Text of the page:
The answer is yes. Blue Reflection: Second Light ticks the boxes for new game features and a revamped, far more dynamic battle system, but when it comes to the story it tells, it managed to avoid the usual traps of a video game sequel. It’s not a simple retread, nor is it a game that falls over its feet trying to turn everything up to 11. Instead, it’s a fresh approach at the same themes that drove the first game—intimacy, friendship, identity, trust, love, support—but approached from a different perspective. Instead of trying to one-up the game before it, Second Light is a complementary piece; you don’t have to have played the first game first, but together, they’re so much more than the sum of their parts. The game industry at large, sequel-obsessed as it is, could learn a lot from Gust.

 

About Robert Allen

With over 35 years of gaming experience, Robert 'DesertEagle' Allen is Tech-Gaming's resident worrier/warrior who spends his days teaching at three colleges and his nights devoted to JRPGs.

12 comments

  1. Has there ever been a week where everyone choose the same game? I remember 3/4, but not 4/4.

  2. Forza Horizon 5. Debating to get the digital version since that also offers the PC version. I wish there was a deal on it.

  3. Matt almost got me with the Call of Duty: Vanguard endorcement.

  4. Which Matt? There’s Matt S, Matt Ryan, Ryan Matt, and Rob Matt. LOL.

  5. I thought Popeye was the old Nintendo game.

  6. You all are some snobs.

    Call of Duty. Let’s shoot some shit!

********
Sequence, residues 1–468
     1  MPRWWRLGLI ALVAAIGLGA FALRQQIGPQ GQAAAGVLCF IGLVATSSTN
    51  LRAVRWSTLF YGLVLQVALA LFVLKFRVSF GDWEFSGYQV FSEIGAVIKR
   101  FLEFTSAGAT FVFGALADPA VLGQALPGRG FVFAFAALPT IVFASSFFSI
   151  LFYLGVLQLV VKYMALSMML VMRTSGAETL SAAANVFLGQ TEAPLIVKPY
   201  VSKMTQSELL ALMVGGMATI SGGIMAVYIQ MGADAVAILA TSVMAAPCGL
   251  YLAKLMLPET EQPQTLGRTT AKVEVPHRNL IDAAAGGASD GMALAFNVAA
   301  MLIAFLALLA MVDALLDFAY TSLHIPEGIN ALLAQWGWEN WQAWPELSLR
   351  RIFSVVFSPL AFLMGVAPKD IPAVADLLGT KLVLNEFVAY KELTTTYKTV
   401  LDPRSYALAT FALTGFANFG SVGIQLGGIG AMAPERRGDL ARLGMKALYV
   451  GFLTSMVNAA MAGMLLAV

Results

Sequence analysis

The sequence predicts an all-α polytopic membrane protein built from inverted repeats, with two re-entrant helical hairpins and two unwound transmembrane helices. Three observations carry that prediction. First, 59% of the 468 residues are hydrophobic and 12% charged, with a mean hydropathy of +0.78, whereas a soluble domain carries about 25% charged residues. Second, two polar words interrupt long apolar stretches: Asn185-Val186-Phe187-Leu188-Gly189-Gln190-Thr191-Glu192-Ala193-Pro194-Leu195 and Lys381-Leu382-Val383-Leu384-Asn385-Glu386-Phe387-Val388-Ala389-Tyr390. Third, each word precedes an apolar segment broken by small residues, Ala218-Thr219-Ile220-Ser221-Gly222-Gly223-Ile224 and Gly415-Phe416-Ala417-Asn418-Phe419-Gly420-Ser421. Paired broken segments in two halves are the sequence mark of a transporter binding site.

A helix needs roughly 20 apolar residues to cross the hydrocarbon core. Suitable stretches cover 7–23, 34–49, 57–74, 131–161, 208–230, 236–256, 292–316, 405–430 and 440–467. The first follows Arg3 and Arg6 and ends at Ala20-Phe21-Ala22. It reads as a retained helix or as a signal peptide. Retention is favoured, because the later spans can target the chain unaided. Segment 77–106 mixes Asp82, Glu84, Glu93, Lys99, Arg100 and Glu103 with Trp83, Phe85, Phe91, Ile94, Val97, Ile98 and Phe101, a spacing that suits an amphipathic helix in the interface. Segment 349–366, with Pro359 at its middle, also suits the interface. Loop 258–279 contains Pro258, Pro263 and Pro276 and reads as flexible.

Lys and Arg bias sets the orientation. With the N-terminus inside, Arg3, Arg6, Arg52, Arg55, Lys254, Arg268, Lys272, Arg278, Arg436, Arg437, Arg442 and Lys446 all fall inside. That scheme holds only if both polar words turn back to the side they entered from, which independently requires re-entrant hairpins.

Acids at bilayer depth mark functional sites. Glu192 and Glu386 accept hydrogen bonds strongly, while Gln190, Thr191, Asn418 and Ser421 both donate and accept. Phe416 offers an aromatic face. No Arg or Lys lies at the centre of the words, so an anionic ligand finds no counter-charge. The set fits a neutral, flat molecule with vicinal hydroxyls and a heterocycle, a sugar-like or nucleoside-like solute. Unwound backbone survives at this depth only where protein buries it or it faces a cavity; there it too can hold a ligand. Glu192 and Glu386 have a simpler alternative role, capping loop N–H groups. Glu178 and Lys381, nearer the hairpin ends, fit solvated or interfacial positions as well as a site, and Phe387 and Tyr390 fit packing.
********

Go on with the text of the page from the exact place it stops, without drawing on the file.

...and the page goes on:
• I used to love first and third-person shooters, and still play Black regularly. There was a time when I reviewed every annual COD game and liked many of them. Sure, I didn’t care about the storytelling, but some of the playable set pieces were great.

      But then, the single-player game gradually got de-emphasized and I started loosing interest. Then, when they completely dropped any campaign, it fell completely off my radar.

      The other issue is that the genre hasn’t evolved all that much. I need innovation to keep me interested. CoD feels like the equivelent of the sports-game roster update now. I’d love to see the franchise take some real chances instead of just phone it in.

    • You misunderstand me, sir. I love plenty of games that feature guns and shooting.

      What I can’t stand are games that act as propaganda for the western military (to the point that they’re used as recruitment tools by the military) and its desperation to re-write history so that American etc soldiers are infallible white knights that save the world while representing a nation that has never, ever done anything wrong.

      I have a big problem with that, given how utterly ignorant a massive portion of the audience for games are. These people don’t read (boring) books, or (boring) foreign films that take a more detailed look at the various issues. I’ve seen too many people actually suckered into the lies that Call of Duty perpetuates to forgive the series.

      But yeah. Shoot some shit. That bit I’m on board with.

      • I agree but here’s the thing: I know the games are all American propaganda. The main guys are always cast as the good guys trying to save the world. I get all that.

        I like the games becuase of the action. When I’m a deathmatch I’m trying to shoot other players before they kill me and not thinking about US military policy.

  7. Final Fantasy V. Steam Deck anticipation has me buying more stuff. I hope it is released soon.